Chilean musicians died at 71

Here are 4 famous musicians from Chile died at 71:

Carlos Schneeberger

Carlos Schneeberger (June 21, 1902 Lautaro, Chile-October 1, 1973 Temuco) was a Chilean personality.

He was a renowned painter, muralist, and educator who played a significant role in the development of Chilean art. Schneeberger studied art in both Chile and France, where he was deeply influenced by the modernist movements of the time. He is widely known for his large-scale murals that depict Chilean history and culture, which can still be found in public buildings across the country. In addition to his artistic works, Schneeberger also taught art and was a prominent member of the cultural community in Chile. He was awarded the National Prize for Plastic Arts in 1967, honoring his contributions to Chilean art. Sadly, Carlos Schneeberger passed away in 1973, leaving behind a lasting legacy in the world of art and education.

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Paulina Kernberg

Paulina Kernberg (January 10, 1935 Chile-April 12, 2006 New York City) also known as Dr. Paulina F. Kernberg was a Chilean child psychiatrist.

Throughout her career, Kernberg made significant contributions to the field of psychiatry. She was particularly known for her work in the area of borderline personality disorder, and her writings on this topic are considered some of the most authoritative in the field. Kernberg's research and clinical work focused on the ways in which early childhood experiences and relationships contribute to the development of personality disorders. Her work has been instrumental in advancing our understanding of the links between trauma, attachment, and mental illness. Kernberg taught at several prestigious universities, including Cornell University Medical College and Weill Cornell Medical College. She was also a renowned lecturer, and her talks on child psychiatry and personality disorders were widely sought after. Her contributions to the field of psychiatry have been recognized and celebrated by colleagues and students alike.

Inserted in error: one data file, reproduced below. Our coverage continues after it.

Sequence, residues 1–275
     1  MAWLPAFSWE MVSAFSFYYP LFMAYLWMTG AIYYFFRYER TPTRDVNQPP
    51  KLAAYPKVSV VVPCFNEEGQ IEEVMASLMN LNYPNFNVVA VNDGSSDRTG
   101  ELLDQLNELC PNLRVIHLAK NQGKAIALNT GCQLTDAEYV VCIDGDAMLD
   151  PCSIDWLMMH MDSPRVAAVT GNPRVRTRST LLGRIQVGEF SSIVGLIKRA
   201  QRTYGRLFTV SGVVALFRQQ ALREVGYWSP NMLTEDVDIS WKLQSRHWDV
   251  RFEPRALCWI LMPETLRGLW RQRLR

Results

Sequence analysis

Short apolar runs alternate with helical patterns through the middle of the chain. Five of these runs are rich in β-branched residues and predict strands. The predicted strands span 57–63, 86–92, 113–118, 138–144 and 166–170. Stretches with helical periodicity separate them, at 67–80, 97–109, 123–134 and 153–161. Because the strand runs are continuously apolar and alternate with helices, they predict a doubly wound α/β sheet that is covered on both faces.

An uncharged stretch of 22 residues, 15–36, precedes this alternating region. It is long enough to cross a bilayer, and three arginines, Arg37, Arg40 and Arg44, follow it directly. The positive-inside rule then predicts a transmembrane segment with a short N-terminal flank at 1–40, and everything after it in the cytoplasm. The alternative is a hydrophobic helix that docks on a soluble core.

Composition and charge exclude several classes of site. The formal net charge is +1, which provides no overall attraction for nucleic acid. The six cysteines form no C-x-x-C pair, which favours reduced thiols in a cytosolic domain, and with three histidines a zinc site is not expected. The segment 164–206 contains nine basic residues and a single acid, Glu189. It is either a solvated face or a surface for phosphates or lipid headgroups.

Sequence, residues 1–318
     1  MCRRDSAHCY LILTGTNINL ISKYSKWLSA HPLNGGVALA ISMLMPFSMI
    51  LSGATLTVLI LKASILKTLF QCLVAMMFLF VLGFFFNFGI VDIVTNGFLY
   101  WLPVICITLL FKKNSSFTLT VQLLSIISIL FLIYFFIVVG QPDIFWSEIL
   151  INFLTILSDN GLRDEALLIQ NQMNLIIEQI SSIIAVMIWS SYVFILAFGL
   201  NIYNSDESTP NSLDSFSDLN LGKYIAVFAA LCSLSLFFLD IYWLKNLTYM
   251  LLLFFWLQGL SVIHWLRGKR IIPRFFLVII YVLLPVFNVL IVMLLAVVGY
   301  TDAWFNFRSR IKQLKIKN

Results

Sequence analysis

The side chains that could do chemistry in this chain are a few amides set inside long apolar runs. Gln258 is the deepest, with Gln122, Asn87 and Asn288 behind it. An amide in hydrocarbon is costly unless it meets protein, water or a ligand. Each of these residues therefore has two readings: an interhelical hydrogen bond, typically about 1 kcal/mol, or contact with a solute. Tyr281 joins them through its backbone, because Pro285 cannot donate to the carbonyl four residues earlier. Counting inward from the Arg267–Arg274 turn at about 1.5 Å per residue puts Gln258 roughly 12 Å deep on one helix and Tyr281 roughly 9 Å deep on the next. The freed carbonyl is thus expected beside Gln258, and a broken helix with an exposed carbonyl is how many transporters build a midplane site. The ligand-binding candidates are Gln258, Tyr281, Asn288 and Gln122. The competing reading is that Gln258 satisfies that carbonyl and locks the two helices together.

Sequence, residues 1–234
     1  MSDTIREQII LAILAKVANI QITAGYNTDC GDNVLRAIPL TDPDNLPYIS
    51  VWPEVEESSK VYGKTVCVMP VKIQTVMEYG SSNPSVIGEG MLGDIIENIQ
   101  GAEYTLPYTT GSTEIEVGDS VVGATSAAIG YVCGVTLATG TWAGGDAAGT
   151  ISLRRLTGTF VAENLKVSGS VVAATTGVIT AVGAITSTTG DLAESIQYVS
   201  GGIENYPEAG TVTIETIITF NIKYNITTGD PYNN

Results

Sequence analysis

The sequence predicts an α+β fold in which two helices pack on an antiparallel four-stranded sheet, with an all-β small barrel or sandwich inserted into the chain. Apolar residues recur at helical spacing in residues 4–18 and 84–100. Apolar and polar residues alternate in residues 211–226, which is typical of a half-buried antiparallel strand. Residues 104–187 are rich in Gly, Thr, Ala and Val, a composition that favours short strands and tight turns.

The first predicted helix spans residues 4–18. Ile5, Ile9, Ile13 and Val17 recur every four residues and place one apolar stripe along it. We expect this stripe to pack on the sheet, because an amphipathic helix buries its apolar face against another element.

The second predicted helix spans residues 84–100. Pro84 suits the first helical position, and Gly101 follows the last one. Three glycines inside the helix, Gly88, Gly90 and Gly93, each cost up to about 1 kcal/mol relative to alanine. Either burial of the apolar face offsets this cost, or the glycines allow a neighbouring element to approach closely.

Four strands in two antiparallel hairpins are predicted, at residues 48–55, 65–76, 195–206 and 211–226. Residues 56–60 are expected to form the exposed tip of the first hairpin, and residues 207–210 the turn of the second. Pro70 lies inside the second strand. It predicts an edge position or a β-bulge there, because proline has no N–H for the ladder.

She died caused by cancer.

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Alfonso Gómez-Lobo

Alfonso Gómez-Lobo (January 1, 1940 Viña del Mar-December 31, 2011 Washington, D.C.) was a Chilean personality.

He was a prominent philosopher and professor of metaphysics and moral philosophy at Georgetown University in Washington, D.C. throughout his career. After studying at the Pontifical Catholic University of Chile, he went on to earn his Ph.D in philosophy from the University of Toronto. Gómez-Lobo wrote extensively on issues relating to moral theory, including the nature of autonomy, the concept of personhood, and the value of human life. His work has been widely influential in contemporary philosophy, especially in the fields of ethics and bioethics. In addition to his academic work, Gómez-Lobo was also a devoted family man and active member of the Catholic Church.

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Angel Cruchaga Santa María

Angel Cruchaga Santa María (March 23, 1893-September 5, 1964) was a Chilean personality.

He was a prolific writer, poet, essayist, diplomat, and politician. Born in the Andean city of Linares, he spent most of his childhood and youth in the southern city of Temuco, where he lived until he finished his high school studies.

Cruchaga Santa María was an important cultural figure in Chile during the first half of the 20th century. He was part of the famous "Generation of 1920" alongside other celebrated writers and intellectuals from his country. He published numerous books throughout his life, including poetry collections, essays, and novels, which demonstrated his mastery of the Spanish language and his deep knowledge of Chilean culture.

In addition to his literary work, Cruchaga Santa María was also involved in politics and diplomacy. He was appointed Chilean ambassador to Argentina and Spain, where he held important cultural and diplomatic roles between the two countries. His contributions to Chilean literature and culture were recognized with various awards and honors, including the National Prize for Literature in 1946.

Cruchaga Santa María died in Santiago de Chile at the age of 71, leaving a lasting legacy as one of the most important and influential figures of the Chilean cultural scene in the 20th century.

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